20 minutes ago, David4bay said:

You may be right, I'm not familiar with the tech(the HA filler), even how Elastagen minimises/resolves scarring by elastogenesis isnt completely known to me as I haven't seen any live demos apart from the illustration video on YouTube and on this thread where it heals a scarred palm perfectly in their animation. 

You can try contacting the people working on the hydrogel, though they are still a clinical trial company and may not give you a definite answer.

And I recall internal scar tissue being an inelastic, fibrous mass that form adhesions between organs, never heard of vacuuming internal scar tissue and I highly doubt that's possible, do you have a source?

You may be right, I'm not familiar with the tech(the HA filler), even how Elastagen minimises/resolves scarring by elastogenesis isnt completely known to me as I haven't seen any live demos apart from the illustration video on YouTube and on this thread where it heals a scarred palm perfectly in their animation. 

You can try contacting the people working on the hydrogel, though they are still a clinical trial company and may not give you a definite answer.

And I recall internal scar tissue being an inelastic, fibrous mass that form adhesions between organs, never heard of vacuuming internal scar tissue and I highly doubt that's possible, do you have a source?

So internal scar tissue meaning that it is in my dermis and subcutaneous fat layers, not in the organs. I had liposuction done that left scar tissue where the fat was taken out. Theoretically it can be taken out with liposuction again or an instrument like the Tenex used in orthopedics. Although, this would leave an external scar. I'll leave a link and talk with my cosmetic surgeon about how this would actually be possible. 

 

 https://www.drbadia.com/video/how-tenex-works/

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Okay, if you say so then. Just do your findings before going about it because plastic surgeons regard scars they make as a non-issue or hide it when botched.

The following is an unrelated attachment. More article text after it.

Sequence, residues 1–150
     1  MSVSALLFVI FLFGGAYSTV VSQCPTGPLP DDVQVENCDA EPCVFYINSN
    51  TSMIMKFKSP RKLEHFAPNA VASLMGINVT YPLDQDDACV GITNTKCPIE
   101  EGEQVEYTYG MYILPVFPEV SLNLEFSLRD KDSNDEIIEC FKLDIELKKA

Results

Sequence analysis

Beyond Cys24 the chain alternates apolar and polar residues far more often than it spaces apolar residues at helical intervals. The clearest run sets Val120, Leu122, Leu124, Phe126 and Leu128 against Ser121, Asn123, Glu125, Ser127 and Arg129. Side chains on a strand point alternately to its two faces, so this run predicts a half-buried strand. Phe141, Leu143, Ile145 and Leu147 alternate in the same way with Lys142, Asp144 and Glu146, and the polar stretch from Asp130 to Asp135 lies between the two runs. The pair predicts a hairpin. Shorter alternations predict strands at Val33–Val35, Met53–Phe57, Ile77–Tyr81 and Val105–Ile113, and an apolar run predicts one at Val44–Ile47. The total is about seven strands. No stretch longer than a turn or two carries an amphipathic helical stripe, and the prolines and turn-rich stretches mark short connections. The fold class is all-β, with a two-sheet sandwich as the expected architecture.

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On 9/20/2020 at 11:15 AM, David4bay said:

Okay, if you say so then. Just do your findings before going about it because plastic surgeons regard scars they make as a non-issue or hide it when botched.

Agreed, I am just trying to get a hold of Life Sprout at this point to ask them what the product is actually suppose to do...I am not even 100% sure you can get rid of internal scar tissue without physically opening up the skin again or using stem cells which are pretty controversial at this point.

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6 hours ago, Didikaxonim1 said:

(@re_gain) 님의 트윗: Elastic & adhesive surgical glue - #Glue #Health #tropoelastin #Elastin #Technologie #Biomedical #Elastagen - @Sydney_Uni @Allergan
https://t.co/HnxOKsBcGa
https://t.co/pLmebf78rw https://t.co/tpXjJWgs0h https://twitter.com/re_gain/status/987171802521702401?s=20

2 and half years ago Lol , Where is it ? And how this is supposed to help with acne scars ?

Edited by Miro

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16 hours ago, Miro said:

2 and half years ago Lol , Where is it ? And how this is supposed to help with acne scars ?

I found this information on Twitter.I don't know exactly where it is.but I expect elastagen to announce its clinical results sooner